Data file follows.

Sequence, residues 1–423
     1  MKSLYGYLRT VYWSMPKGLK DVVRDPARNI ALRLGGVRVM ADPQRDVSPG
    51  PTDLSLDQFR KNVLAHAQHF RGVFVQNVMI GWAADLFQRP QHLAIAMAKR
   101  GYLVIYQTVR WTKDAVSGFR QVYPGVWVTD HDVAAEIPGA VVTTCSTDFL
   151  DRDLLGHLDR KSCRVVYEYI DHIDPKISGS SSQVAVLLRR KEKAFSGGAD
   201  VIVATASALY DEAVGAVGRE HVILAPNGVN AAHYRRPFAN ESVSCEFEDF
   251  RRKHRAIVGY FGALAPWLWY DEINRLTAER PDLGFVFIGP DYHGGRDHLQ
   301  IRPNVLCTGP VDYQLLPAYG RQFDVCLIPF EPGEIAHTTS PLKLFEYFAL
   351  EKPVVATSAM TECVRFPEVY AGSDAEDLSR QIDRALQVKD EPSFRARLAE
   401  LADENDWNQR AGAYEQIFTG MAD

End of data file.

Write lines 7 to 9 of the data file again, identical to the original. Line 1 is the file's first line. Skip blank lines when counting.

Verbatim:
   251  RRKHRAIVGY FGALAPWLWY DEINRLTAER PDLGFVFIGP DYHGGRDHLQ
   301  IRPNVLCTGP VDYQLLPAYG RQFDVCLIPF EPGEIAHTTS PLKLFEYFAL
   351  EKPVVATSAM TECVRFPEVY AGSDAEDLSR QIDRALQVKD EPSFRARLAE